A new debate in New Jersey is bringing the homework controversy to light once again. The Galloway Township school district is discussing whether students should be given homework-free weekends so that children can have more time with their families and for extracurricular activities and sports. The plan is still in the discussion phase in this district, and it will need to go before the school board for a vote before it becomes official. In the meantime, the issue has resurfaced around the country as educators discuss once again how much homework is too much and whether it is actually counterproductive to the learning process. This video explains how schools in California, New York, and Maryland are taking a progressive shift to completely eliminate homework for all students. The Galloway Township is considering recommendations from district officials and school board members to limit the amount of homework students receive.
Print article. Many students and their parents are frazzled by the amount of homework being piled on in the schools. Yet researchers say that American students have just the right amount of homework. How can he be expected to do that by himself? He just started to learn to read and write a couple of months ago. Schools are pushing too hard and expecting too much from kids.
Many teachers and parents believe that homework helps students build study skills and review concepts learned in class. Others see homework as disruptive and unnecessary, leading to burnout and turning kids off to school. Decades of research show that the issue is more nuanced and complex than most people think: Homework is beneficial, but only to a degree.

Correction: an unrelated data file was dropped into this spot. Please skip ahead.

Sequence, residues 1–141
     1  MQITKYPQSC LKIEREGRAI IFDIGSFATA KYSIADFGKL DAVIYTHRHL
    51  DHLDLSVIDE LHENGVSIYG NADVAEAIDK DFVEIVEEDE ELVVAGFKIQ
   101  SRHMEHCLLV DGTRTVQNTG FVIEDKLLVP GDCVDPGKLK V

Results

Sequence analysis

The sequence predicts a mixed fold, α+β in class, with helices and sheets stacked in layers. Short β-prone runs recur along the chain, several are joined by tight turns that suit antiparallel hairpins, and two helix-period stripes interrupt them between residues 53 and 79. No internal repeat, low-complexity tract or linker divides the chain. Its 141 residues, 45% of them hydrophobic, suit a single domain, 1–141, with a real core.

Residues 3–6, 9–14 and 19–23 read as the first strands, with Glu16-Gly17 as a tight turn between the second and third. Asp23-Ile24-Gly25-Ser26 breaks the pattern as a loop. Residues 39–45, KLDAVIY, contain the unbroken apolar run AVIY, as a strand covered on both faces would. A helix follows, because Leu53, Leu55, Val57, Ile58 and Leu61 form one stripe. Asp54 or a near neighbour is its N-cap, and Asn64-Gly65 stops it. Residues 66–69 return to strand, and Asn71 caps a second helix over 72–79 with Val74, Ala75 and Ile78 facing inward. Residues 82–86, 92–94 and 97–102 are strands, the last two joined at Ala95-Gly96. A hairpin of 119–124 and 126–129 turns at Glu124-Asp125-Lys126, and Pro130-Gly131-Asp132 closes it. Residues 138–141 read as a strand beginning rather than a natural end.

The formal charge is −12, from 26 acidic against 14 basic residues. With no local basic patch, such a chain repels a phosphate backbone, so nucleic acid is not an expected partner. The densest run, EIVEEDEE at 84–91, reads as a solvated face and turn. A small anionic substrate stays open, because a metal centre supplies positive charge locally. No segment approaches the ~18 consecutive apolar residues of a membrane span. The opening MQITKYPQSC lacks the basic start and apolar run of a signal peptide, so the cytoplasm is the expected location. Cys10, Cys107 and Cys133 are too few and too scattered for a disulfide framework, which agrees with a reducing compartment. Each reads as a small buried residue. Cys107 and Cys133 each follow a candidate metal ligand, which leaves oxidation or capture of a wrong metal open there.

Parents have been questioning the excessive amount of homework given in schools, both public and private for years, and believe it or not, there is evidence that supports limiting the amount of homework children have can actually be beneficial. The National Education Association NEA has released guidelines about the right amount of homework--the amount that helps kids learn without getting in the way of their developing other parts of their life. Many experts believe that students should receive roughly 10 minutes per night of homework in the first grade and an additional 10 minutes per grade for each following year. By this standard, high school seniors should have about minutes or two hours of homework a night, but some students have two hours of work in middle school and many more hours than that in high school, particularly if they are enrolled in Advanced or AP classes. However, schools are starting to change their policies on homework.